Officials Use Google Earth To Find Unlicensed Pools 650

Officials in Riverhead, New York are using Google Earth to root out the owners of unlicensed pools. So far they've found 250 illegal pools and collected $75,000 in fines and fees. Of course not everyone thinks that a city should be spending time looking at aerial pictures of backyards. from the article: "Lillie Coney, associate director of the Electronic Privacy Information Center in Washington, DC, said Google Earth was promoted as an aid to curious travelers but has become a tool for cash-hungry local governments. 'The technology is going so far ahead of what people think is possible, and there is too little discussion about community norms,' she said."

Comment Re:Probably true, even. (Score 2, Interesting) 342

I'm very happy that majority of users use IE. This makes it still the most attractive target for hackers. In turn that means that they have less time to work on exploits for the browser I'm using. "Security through obscurity" works in this case (though of course the phrase comes originally from open source vs. closed source).

Comment Re:this seems like the "TiVo" situation to me (Score 3, Interesting) 782

I can see where your arguments are coming from and I think your opinion makes sense.

However anyone can download the code from their website and compile it on the iphone simulator (which, together with XCode is a free download from Apple). You could argue that you still need a non-free os to run it which won't make RMS happy, but then again on a PC you more often than not have a non free BIOS that's needed to run the OS. And pretty much any computer has a non-free hardware.

Because of this, and other reasons, in my opinion there's nothing wrong with selling a GPL program on the Itunes store as long as anyone who bought it can get the source code.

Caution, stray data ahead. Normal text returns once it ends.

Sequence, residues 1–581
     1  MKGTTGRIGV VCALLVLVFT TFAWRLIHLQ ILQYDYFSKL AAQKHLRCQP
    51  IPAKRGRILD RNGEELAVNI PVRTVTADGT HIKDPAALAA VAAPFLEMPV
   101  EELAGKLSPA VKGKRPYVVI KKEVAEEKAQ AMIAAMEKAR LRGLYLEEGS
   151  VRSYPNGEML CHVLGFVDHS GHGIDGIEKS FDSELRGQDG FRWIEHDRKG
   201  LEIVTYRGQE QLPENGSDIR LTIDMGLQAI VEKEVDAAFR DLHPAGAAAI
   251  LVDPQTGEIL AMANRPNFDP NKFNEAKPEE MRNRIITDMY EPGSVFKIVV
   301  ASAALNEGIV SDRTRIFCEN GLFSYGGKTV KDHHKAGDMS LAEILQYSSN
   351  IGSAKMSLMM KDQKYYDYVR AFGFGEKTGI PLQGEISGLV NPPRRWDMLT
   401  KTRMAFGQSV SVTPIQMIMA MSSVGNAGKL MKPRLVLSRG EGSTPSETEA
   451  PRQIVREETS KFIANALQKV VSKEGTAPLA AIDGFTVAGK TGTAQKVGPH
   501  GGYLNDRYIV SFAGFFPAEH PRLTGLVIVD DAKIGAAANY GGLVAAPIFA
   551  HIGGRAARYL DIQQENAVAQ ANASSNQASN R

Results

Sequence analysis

Comment Re:Good News! (Score 4, Insightful) 569

Think about what sort of programming you would like to do. Remember that writing software is only a way of solving some wider problem, so think what should that be? What would you love doing? To get anywhere as a programmer you have to undersand and enjoy working in the wider field. Very few people end up writing OS kernels or other "programming for the sake of computers". The rest of us make tools for other people (Word processors, painting programs, CAD, banking software, databases, you name it). Think which of these above would you enjoy working on.

Once you've decided on that, choose any language you like, and start working on some small relevant project. Once you have something put the link on your CV. At our company, once we get someone's CV and it looks good, we go to google and find what the guy has done. Publications, software projects etc. Then we decide whether to interview. During the interview we'll talk about that. We don't care whether the person can do Java or C++ if they're graduates. (even though we prefer C++).